done only when the file is first opened. Application
handle for an inode in the Unix API.
Maintaining the file offset behind the read/write interface is an
interesting design decision. The alternative is that the state of a
read operation should be maintained by the process doing the reading
(i.e., that the pointer should be passed as an argument to read).
This argument is compelling in view of the UNIX fork() semantics,
which clones a process which shares the file descriptors of its
With offsets in the file descriptor, a read by the parent of a
shared file descriptor (e.g., stdin) changes the read pointer
seen by the child. This isn't always desirable: for example,
consider a data file, in which the program seeks around and
reads various records. If we fork(), the child and parent
might interfere. On the other hand, the alternative (no
offset in FD) would make it difficult to get
"(echo one; echo two) > x" right. Easy to implement
separate-offsets if kernel provides shared-offsets
(re-open file, mostly), but not the other way around.
The file API turned out to be quite a useful abstraction.
Unix uses it for many things that aren't just files on local disk,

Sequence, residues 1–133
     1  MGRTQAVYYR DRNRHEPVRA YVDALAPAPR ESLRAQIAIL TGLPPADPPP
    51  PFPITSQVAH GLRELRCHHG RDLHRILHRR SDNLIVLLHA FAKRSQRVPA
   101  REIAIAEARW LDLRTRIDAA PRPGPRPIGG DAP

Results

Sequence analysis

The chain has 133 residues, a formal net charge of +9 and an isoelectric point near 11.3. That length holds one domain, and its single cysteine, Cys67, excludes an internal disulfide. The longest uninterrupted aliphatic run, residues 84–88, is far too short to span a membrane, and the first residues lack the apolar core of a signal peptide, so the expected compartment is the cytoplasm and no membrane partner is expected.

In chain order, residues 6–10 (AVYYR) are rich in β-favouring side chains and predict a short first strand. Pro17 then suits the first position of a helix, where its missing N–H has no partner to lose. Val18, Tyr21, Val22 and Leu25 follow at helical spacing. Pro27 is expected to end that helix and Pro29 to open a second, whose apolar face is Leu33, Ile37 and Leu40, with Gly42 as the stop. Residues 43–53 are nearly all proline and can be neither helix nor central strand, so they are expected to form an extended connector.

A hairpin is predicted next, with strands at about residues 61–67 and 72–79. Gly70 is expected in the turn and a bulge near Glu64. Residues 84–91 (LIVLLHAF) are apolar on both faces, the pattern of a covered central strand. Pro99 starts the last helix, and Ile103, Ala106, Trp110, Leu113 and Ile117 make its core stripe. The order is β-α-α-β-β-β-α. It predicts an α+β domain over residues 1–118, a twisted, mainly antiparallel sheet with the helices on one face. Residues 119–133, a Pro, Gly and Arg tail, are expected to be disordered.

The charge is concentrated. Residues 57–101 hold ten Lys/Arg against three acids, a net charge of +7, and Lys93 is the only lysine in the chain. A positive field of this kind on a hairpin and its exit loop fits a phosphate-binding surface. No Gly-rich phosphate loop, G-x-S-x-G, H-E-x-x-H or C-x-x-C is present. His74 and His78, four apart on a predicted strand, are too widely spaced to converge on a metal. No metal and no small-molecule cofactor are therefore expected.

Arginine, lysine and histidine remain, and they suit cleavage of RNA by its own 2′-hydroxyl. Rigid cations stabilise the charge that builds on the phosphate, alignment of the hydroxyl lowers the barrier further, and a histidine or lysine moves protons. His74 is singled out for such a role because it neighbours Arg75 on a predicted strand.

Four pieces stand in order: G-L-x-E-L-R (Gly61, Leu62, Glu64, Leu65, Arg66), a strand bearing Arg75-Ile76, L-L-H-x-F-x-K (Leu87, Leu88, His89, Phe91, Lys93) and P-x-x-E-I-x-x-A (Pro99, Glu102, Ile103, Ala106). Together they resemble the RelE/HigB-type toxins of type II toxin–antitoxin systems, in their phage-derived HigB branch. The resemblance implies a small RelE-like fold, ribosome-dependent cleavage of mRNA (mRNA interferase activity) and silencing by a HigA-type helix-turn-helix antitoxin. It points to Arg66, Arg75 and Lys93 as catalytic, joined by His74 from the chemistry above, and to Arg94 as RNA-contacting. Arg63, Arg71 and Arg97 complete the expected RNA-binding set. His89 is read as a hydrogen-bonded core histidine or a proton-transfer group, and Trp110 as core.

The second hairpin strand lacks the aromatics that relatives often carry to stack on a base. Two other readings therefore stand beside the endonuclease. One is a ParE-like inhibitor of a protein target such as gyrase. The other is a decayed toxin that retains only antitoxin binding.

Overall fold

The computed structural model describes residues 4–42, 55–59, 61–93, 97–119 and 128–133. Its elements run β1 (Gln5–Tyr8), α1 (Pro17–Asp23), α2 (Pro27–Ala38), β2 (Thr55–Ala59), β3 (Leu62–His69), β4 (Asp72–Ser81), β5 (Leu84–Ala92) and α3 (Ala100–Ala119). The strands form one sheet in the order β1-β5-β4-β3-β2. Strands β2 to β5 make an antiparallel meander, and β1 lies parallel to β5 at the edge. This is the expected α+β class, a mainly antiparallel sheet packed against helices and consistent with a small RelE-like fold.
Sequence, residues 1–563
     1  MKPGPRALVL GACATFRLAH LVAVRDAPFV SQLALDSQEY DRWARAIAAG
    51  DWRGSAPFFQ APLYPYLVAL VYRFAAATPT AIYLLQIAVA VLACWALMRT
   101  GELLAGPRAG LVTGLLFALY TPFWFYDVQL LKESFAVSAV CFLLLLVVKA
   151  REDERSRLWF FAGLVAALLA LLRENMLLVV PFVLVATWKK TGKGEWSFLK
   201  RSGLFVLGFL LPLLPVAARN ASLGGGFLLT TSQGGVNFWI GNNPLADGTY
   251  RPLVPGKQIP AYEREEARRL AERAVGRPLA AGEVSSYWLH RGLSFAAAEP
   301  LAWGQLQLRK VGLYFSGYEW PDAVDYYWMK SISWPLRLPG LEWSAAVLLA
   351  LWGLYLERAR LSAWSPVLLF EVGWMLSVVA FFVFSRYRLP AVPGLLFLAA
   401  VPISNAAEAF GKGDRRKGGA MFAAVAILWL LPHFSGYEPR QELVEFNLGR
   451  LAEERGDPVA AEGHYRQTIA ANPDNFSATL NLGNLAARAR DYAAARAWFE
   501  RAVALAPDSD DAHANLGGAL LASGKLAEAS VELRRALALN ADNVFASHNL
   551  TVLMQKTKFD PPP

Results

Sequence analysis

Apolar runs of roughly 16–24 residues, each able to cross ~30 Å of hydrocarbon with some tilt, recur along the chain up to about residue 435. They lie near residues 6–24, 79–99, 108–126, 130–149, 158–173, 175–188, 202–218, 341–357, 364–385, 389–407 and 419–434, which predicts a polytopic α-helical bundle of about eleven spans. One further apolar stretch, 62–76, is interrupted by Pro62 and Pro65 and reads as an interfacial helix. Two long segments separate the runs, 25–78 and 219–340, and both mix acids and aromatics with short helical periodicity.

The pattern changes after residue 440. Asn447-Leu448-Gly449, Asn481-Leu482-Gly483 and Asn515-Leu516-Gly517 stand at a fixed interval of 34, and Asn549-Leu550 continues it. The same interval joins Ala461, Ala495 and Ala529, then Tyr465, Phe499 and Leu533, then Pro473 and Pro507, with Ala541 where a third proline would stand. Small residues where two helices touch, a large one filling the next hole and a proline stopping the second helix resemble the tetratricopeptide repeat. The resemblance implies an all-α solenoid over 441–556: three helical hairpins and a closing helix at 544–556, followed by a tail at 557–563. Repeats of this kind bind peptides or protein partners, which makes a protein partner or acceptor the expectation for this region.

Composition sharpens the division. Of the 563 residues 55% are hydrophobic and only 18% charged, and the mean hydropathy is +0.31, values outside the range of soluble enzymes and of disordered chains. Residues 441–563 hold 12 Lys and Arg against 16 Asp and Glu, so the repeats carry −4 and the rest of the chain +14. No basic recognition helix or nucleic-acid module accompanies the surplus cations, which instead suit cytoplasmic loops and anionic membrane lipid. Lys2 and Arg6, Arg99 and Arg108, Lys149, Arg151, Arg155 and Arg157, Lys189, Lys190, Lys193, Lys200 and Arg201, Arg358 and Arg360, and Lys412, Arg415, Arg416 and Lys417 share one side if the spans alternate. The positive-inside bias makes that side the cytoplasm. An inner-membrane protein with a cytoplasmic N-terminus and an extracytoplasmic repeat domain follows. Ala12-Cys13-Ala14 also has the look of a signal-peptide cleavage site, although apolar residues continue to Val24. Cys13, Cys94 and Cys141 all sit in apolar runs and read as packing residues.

e.g. pipes, devices in /dev, network storage, etc.
Plan9 took this further, and a few of those ideas came back to Linux,
like the /proc filesystem.
Unix API doesn't specify that the effects of write are immediately
on the disk before a write returns. It is up to the implementation
of the file system within certain bounds. Choices include (that
- Before the write returns [most conservative, but bad for performance];
- Before close returns [AFS];
- At some point in the future, if the system stays up (e.g., after
30 seconds) [highest performance];
- Application specified (e.g., before fsync returns) [requires
careful application coding];
- Before external things (screen, network) indicate the write returned
[will read paper about this later].
Some examples of file systems:
- Contiguous Allocation:
file a = (base=10, len=12)
- Pro: Fast sequential access, easy random access
- Con: External Fragmentation/hard to grow files
- Linked-list Allocation:
file = linked list of blocks
- Pro: Easy to grow file. Free list can be implemented as another
- Con: Bad sequential access performance! Unreliable: Loose block, loose
rest of file
- Serious Con: Bad random access